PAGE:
Dilated Cardiomyopathy
(PDK4)
Heart

The most common acquired heart disease of dogs, this is a progressive disease of the heart ventricles: early diagnosis and treatment is key. The ventricles are the heavil…

Exercise-Induced Collapse
(DNM1)
Muscular

First characterized in field-trial lines of Labrador Retriever dogs, this muscle disorder can cause episodes of muscle weakness and sometimes collapse; after recovering, …

Other Conditions: Clear of 151

Hakuzan no Sekirou go Hakuzan Ryousou is clear of 151 other genetic diseases that Embark tests for.

Explore more

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Family tree

>
Explore an interactive family tree and get a picture of Hakuzan no Sekirou go Hakuzan Ryousou’s family.

Traits

>
Genes for coat color and type, body size and shape, and other characteristics.

Breed Families

>
Dog breeds have been created over time for work and companionship. Find out about other dog breeds related to the breeds found in Hakuzan no Sekirou go Hakuzan Ryousou.

Maternal Line

>
Through the DNA inherited from Hakuzan no Sekirou go Hakuzan Ryousou’s mother we can trace his ancestry back to where dogs and people first became friends. Find out how far Hakuzan no Sekirou go Hakuzan Ryousou’s family has traveled.

Paternal Line

>
The Y-Chromosome is only passed down from father to son. Hakuzan no Sekirou go Hakuzan Ryousou’s DNA includes a story of where his father’s ancestors came from. We’ll show you more about how we categorize his ancestors all based of the science of genetics.

What’s your dog’s story?

Now that you have explored what’s behind Hakuzan no Sekirou go Hakuzan Ryousou find out what your dog’s DNA has to tell you. Embark tells you more about your dog than you ever thought possible. Are you ready? Let’s go!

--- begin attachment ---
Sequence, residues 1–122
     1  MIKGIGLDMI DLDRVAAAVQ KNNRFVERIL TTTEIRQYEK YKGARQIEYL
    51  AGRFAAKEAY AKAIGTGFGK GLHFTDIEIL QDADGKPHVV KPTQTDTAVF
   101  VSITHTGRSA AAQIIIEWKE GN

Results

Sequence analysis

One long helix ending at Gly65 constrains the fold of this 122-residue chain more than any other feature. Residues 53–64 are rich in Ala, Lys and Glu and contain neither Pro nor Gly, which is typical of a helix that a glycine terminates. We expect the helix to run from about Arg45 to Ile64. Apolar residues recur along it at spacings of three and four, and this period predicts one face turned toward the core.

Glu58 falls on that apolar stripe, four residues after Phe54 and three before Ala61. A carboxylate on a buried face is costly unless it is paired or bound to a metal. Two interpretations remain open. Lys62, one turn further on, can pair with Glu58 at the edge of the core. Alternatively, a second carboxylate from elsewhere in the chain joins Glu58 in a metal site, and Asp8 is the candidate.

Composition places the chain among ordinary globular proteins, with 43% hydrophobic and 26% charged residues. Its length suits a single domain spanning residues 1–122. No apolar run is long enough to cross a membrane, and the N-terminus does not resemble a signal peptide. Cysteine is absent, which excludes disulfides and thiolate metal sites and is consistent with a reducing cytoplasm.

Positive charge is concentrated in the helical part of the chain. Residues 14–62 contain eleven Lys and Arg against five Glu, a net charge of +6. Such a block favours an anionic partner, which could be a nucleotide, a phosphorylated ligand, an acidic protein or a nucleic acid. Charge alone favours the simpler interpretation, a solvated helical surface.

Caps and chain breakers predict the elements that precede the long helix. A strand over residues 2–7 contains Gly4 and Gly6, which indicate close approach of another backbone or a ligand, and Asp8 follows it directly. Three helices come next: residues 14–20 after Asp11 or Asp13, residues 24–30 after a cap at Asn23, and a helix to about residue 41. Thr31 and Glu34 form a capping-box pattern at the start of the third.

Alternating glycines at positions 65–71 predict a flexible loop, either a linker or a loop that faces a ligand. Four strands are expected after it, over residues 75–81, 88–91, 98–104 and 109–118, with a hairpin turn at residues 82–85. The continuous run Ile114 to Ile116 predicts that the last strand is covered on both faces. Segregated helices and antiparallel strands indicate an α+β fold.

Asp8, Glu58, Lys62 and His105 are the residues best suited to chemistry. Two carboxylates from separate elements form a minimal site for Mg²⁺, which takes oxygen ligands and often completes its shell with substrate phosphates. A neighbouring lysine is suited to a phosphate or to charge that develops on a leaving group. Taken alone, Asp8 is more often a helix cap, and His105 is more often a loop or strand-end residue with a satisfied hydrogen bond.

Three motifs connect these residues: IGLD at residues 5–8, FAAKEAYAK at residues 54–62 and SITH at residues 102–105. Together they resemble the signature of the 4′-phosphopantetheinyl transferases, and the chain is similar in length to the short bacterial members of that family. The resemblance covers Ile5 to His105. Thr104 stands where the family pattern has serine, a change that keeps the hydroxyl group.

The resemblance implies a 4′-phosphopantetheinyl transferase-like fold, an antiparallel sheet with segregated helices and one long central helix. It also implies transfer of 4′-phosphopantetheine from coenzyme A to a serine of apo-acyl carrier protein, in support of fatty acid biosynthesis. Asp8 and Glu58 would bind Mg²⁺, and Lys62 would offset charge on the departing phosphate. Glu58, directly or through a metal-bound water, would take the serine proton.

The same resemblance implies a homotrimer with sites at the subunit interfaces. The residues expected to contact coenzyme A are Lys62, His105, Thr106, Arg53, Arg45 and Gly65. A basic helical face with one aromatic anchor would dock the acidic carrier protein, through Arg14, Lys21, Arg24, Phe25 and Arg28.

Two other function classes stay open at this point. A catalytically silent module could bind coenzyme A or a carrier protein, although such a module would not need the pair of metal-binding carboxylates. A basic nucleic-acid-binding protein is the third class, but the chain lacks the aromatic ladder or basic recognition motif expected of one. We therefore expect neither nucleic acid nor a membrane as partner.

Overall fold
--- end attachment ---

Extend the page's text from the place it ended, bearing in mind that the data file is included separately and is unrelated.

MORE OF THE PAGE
Traits report  BETA

Coat Color

A number of genetic loci are known to affect coat color in dogs, and they all interact. In some cases, other genetic effects may also influence color and pattern.

Some other Embark dogs with this Coat Color genotype:

E Locus (Mask/Grizzle/Red)
Ee
Chromosome 5

Controls the characteristic melanistic mask seen in the German Shepherd and Pug as well as the grizzled "widow's peak" of the Afghan and Borzoi. Melanistic mask (Em) is dominant to grizzle (Eg) which is dominant to black (E) and red (e). Dogs that are EE or Ee are able to produce normal black pigment, but its distribution will be dependent on the genotypes at the K and A Loci. Dogs that are ee will be a shade of red or cream regardless of their genotype at K and A. The shade of red, which can range from a deep copper like the Irish Setter to the near-white of some Golden Retrievers, is dependent on other genetic factors including the Intensity (I) Locus, which has yet to be genetically mapped.

Want to help us map I Locus? If you haven't already, complete your ee pup's Embark profile with a photo! Remember, a picture is worth a thousand words!

Citations: Schmutz et al 2003 , Dreger and Schmutz 2010 ,

More information: http://www.doggenetics.co.uk/masks.html

K Locus (Dominant Black)
kyky
Chromosome 16

Causes a dominant black coat. Dogs with a dominant KB allele have black coats regardless of their genotype at the A locus; the coat color of dogs homozygous for the recessive ky allele are controlled by A locus. Alleles: KB > ky

Citations: Candille et al 2007

More information: http://www.doggenetics.co.uk/black.htm

A Locus (Agouti)
ayay
Chromosome 24